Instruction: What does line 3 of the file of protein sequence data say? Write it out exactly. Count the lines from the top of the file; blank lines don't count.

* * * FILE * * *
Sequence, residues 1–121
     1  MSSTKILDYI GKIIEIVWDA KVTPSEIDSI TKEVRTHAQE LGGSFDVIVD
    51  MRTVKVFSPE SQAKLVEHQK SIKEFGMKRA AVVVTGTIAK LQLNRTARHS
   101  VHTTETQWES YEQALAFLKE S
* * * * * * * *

    51  MRTVKVFSPE SQAKLVEHQK SIKEFGMKRA AVVVTGTIAK LQLNRTARHS